Sure, the Marlins are the easy ones to blame, but let's face it, ticket costs have kind of gone up across the spectrum. I used to consider getting the very cheapest season ticket plan with the Braves, just to have guaranteed tickets to any game I wanted to go to, and not be a total wash to the ones I didn't go to, and that used to be like $280. Now, that exact same package this year encroached to almost double that. No bueno!
Giancarlo Stanton playing in rehab games now - Sun Sentinel
That's certainly some good news for the Fish who can now actually look forward to something coming back to the team in the near future. Sure, he's still got to prove that he can hit major league pitching again, but man, those home runs, when he hits them, still awe-inspiring.
Casey Kotchman activated from the disabled list - Palm Beach Post
Yeah, I know ol' Kotch doesn't sound like much, but compared to what the Marlins have been trotting out at first base throughout the rest of the year, it should be a welcome return. That is, if he can stay healthy, and not have his hamstring get strained again running to first base.
Chris Coghlan to be working out at third base - Fish Bytes
For the fifth time in Cogs' career, the Marlins are moving him around the field. He came up playing second, and has played in every spot in the outfield since. But the good news is that Coghlin's natural position is where he's finally being moved to - third base. But he's never played it at the major league level, so I imagine that there's still going to be somewhat of a learning curve again.
The sad case of Justin Ruggiano - Fish Stripes
Gee, what happened to the guy that boasted about how he was going to be Giancarlo's protection in the lineup? Well, he's slumping lately, and his platoon partner in the outfield, Chris Coghlan has been easily outshining him lately, leaving Ruggiano to be emo on the bench. Naturally with Cogs being moved to third, you'd think Ruggiano would get some more time, but rookie Marcell Ozuna appears to be taking the vacated spot instead.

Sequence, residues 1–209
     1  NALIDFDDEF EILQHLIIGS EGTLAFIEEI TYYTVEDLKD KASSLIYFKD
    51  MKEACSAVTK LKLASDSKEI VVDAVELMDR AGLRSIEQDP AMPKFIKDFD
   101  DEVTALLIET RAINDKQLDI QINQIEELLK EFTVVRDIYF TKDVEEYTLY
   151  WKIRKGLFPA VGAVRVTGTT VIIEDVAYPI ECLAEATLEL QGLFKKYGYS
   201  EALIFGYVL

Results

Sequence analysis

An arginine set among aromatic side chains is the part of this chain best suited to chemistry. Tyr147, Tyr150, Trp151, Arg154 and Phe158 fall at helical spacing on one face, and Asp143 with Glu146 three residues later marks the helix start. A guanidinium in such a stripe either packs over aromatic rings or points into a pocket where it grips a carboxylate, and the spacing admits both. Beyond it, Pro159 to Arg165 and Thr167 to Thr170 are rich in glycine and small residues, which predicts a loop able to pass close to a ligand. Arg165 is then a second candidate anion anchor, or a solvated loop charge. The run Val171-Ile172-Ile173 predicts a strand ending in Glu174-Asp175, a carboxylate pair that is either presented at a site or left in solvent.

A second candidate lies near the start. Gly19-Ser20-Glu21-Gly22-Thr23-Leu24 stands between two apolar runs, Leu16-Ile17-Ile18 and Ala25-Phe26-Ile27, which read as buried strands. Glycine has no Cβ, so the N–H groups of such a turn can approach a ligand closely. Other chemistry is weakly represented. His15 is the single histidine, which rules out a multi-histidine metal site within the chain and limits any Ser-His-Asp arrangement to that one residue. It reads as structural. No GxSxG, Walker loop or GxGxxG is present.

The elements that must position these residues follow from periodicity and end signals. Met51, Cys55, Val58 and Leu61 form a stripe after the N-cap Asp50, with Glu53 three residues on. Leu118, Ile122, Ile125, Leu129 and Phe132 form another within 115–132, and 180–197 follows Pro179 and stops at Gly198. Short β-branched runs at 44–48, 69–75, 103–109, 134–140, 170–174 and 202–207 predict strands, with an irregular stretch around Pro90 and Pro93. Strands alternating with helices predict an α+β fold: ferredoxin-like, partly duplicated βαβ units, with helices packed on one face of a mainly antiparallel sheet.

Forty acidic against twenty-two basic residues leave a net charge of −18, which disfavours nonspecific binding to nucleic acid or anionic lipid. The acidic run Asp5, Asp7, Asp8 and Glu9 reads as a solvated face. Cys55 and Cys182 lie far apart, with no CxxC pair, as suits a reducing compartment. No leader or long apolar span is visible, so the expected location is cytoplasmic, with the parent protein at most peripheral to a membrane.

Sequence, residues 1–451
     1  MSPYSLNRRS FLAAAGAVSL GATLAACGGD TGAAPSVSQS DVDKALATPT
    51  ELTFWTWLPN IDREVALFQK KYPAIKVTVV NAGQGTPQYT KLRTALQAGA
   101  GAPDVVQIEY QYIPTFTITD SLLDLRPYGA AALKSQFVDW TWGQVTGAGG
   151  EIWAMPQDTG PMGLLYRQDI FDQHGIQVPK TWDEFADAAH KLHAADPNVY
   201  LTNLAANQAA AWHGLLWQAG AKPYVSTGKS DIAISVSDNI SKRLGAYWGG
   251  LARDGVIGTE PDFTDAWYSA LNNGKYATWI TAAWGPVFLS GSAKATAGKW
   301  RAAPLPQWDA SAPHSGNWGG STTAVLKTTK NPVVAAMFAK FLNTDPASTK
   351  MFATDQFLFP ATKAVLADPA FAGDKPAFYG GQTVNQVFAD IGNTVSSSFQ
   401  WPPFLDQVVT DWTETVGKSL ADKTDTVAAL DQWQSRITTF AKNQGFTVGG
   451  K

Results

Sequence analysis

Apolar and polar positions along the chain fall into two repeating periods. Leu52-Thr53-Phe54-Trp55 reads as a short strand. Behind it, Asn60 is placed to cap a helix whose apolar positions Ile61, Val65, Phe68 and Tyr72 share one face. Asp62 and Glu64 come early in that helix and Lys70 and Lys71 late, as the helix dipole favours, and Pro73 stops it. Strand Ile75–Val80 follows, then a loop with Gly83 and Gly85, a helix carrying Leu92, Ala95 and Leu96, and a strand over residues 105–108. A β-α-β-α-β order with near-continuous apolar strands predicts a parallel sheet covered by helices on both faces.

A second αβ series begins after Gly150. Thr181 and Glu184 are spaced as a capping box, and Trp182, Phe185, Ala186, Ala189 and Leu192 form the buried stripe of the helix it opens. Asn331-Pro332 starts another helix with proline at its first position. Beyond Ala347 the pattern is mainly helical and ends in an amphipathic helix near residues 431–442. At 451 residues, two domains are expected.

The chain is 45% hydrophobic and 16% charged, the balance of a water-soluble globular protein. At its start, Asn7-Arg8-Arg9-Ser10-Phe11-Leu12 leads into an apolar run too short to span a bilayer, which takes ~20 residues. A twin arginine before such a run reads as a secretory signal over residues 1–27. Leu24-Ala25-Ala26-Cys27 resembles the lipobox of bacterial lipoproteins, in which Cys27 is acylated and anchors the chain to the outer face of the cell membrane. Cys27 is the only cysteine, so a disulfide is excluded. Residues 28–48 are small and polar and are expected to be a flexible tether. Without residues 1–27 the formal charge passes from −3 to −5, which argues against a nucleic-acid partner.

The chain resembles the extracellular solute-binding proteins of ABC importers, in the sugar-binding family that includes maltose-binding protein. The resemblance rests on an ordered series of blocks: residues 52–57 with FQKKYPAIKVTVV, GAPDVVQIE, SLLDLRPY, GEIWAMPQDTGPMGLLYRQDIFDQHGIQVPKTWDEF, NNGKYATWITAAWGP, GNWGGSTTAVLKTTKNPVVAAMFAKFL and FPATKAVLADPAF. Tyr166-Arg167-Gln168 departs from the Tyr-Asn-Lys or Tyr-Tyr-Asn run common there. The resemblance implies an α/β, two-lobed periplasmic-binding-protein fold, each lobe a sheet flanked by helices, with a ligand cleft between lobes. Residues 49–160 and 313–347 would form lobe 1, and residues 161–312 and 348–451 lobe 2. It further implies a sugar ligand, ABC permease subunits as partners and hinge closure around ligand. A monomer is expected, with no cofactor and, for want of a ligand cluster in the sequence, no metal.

The other side of history - Sun Sentinel
Earlier in Phillies news, I mentioned that John Mayberry, Jr's two homers in extra innings was something of history, but on the other side of the plate, was a little bit of local Marlins history in the making too. Reliever Edgar Olmos became the fifth Marlins pitcher to ever give up four or more runs in an inning or less of work, when he gave up the game-losing slam to John Mayberry, Jr. And then he learned that there is most certainly crying in baseball afterward.
Well, at least it preserves his service clock - Fish Bytes
Among many of the minor league prospects that were eventually expected to be called up to the "Major League" Marlins, outfield prospect Christian Yelich was one of the more highly touted ones. Well, a bad play in the outfield down at Double-A has put a damper on things, as Yelich strained his abdomen, and was put on the disabled list.
Wade LeBlanc DFA'd - Palm Beach Post
It's gotta be a tough break for LeBlanc, who played the role of swingman, both starting and relieving for a horrible team, and was still deemed expendable enough to be demoted. I have to imagine that he'll get picked up by someone given that he's still 28-years old, or he'll be on the train to someone's Triple-A squad to bolster a minor league rotation.